<%@LANGUAGE="JAVASCRIPT" CODEPAGE="65001"%> A Philosopy for Full Time RVers
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Subject: Slow Down and Smell the Sagebrush

Instructor: Bill & Louise Farlow

There is a contagious disease which many new RVers contract, and even experienced "old-timers" often get. It could be called "See it all Now". Too many of us make a mad dash to see everything in the shortest period possible. We take two weeks to get to Alaska -- and back. We circumnavigate the lower 48 in just a few months. Then, after two years, we feel they have been everywhere and seen everything. Therefore, we quit.

Actually, the RVers with this disease have seen very little. They have hit the high points, and missed the towns, the scenery and the people of our country. It has been very expensive, and they are tired -- physically, and tired of RVing.

There is a cure for this disease. Slow down. Check out the area in which you find yourself. Stay awhile -- one month or longer. One fulltimer has divided each of the states into quadrants, and plans to spend a month in each. He will learn the history of the area, check out museums and local libraries, talk to other Rvers in various campgrounds, and perhaps become a campground host.

Get off of the Interstates, and start following the blue lines. Stop at the local libraries in small towns -- go in, ask the local librarian about the local attractions and historical sites. You'll learn a lot. And you'll find so many of the small towns have wonderful -- often free -- places to stay. The local visitors centers or chambers of commerce are also excellent resources. Pick a trail, like the Oregon Trail, and take a trip back through history, taking the time to read the road signs as you go. Take your time -- there's no rush!

Local museums are another gem. You'll meet fascinating people, and learn all about the local area. These are all too often under-utilized resources.

Volunteer your services. Campground hosting is always a great way to spend some time and help a lot of people. Here's your chance to give back something. This can also help pay some of the expenses. You always get a free site; and even when the camgprounds are remote and don't offer hookups usually the campground hosts have full hookups.

Private campgrounds are "too organized". He prefers rustic, less organized environments, such as National Forests, Corps of Engineers, etc.

Every wanted to pursue a hobby you just didn't have time for? Some folks would like to write; others to skech; and others learn about genealogy. The excuse used to be "I just didn't have time". Whatever those things were, you DO now have time. There are always some courses or other ways to help you get started.

Other ways to keep yourself from a mad rush to "go" include visiting national parks and campgrounds. These are often built around outdoor interests,and cost less than a private campground. Set a monthly budget to limit travel and stick with it. Or -- try relaxing. Develop a new hobby, such as birding or painting or photography. Put out a couple of chairs and sit facing the road. It is a little known fact that people who face the road are waiting for someone to come and talk to them, whereas those who face the other way are seeking solitude!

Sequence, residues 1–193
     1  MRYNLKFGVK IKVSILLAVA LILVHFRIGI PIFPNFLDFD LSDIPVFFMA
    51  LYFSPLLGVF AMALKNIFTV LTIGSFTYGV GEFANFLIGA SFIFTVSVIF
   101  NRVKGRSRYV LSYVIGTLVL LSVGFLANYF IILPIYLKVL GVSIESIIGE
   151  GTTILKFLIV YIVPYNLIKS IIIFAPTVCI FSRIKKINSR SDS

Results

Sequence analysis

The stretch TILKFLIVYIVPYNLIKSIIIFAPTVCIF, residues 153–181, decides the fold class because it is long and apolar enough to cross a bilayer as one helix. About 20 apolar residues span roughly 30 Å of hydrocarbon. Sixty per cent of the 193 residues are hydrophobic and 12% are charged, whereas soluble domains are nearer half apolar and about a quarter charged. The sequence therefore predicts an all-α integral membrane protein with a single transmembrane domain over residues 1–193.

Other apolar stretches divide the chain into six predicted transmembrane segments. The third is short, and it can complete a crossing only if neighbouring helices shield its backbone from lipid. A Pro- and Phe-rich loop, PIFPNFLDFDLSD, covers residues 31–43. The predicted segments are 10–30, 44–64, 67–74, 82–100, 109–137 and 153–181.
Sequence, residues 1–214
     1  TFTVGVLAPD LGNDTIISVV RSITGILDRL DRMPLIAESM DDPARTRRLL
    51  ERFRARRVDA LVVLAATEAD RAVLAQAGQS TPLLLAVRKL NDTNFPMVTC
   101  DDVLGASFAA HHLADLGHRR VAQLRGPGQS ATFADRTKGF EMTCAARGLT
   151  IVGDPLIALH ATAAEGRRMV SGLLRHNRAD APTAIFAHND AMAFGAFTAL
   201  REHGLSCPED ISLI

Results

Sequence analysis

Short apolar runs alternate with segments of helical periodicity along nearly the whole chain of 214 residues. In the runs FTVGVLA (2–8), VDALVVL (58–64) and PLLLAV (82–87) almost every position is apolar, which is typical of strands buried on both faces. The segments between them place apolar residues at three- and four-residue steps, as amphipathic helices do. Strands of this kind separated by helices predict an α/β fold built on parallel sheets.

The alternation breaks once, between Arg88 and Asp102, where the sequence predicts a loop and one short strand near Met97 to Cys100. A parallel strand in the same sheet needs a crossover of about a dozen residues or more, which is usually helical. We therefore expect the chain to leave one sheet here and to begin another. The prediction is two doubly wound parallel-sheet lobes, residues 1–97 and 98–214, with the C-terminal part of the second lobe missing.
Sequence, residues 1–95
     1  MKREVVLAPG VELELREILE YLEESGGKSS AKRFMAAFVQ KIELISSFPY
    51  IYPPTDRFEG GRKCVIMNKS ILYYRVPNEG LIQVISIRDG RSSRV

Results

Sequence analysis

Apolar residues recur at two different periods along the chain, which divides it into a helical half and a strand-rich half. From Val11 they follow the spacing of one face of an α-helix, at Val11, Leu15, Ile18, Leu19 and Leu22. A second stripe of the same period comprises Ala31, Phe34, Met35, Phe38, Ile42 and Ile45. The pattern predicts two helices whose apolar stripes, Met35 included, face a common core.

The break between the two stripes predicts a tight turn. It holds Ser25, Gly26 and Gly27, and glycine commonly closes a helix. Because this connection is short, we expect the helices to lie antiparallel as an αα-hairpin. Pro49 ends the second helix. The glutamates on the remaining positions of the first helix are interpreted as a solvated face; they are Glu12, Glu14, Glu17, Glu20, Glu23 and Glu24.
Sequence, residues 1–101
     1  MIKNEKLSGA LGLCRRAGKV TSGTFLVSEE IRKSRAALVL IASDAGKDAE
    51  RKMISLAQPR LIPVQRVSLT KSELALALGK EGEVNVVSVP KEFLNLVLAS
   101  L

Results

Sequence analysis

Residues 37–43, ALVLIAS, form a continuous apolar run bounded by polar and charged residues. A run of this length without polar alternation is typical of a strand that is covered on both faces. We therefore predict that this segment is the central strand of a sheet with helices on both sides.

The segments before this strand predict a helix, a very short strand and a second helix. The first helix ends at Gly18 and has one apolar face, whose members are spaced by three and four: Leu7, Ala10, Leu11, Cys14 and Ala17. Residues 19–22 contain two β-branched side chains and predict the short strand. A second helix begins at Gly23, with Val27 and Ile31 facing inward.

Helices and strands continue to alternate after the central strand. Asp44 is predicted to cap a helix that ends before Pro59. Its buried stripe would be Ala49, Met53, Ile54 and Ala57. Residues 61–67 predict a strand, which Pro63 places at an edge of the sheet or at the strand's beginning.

If there is a community college in the area, attend a class. Investigate elderhostel. Just try to know the area before you move on.

Some of Bill's favorite places to explore include: old car, motorcycle or vintage airplane museums, ghost towns, such as the one in Oatman, Arizona (burrows in the street), and the U.S. space Center in Huntsville, Alabama. His favorite highways and byways include: Highway 299 west from Redding, CA [Ed. Note: we strongly recommend against big rigs on 299], U.S. 12 east from Lewiston, ID to Missoula, MT (Lolo Pass) and Highway 550 north from Durango, CO to Silverton. He is fond of northeastern Georgia (Gainseville to SC), Jerome, AZ (but don't even think about taking a big rig through there; the north shore of Lake Superior, Nova Scotia and Newfoundland, and just about anyplace in British Columbia. He also likes Alaska, the north rim of the Grand Canyon (far fewer people), and the Bryce Canyon area of Utah; Olympic Peninsula in NW Washington; (while there, in Sequim, find Gardener Beach Road -- carved fence posts, all "trolls".)

Also on the list are the North (not South) Dakota badlands; Music museum, Traverse City Michigan; Studebaker Museum, South Bend, IN; Grand Coulee Dam, in Washington -- with laser show; motorcycle museum in Columbus, OH; Nashville, INDIANA -- a budding country music center; ice cream & cheese operation + Dirigable museum, both in Tilamook, OR; Custer State park, in South Dakota; Big Bend National Park, with its extraordinarily diverse ecosystems;

But wherever you go, just remember: If you haven't stopped to smell the sage brush lately, you've been driving too long!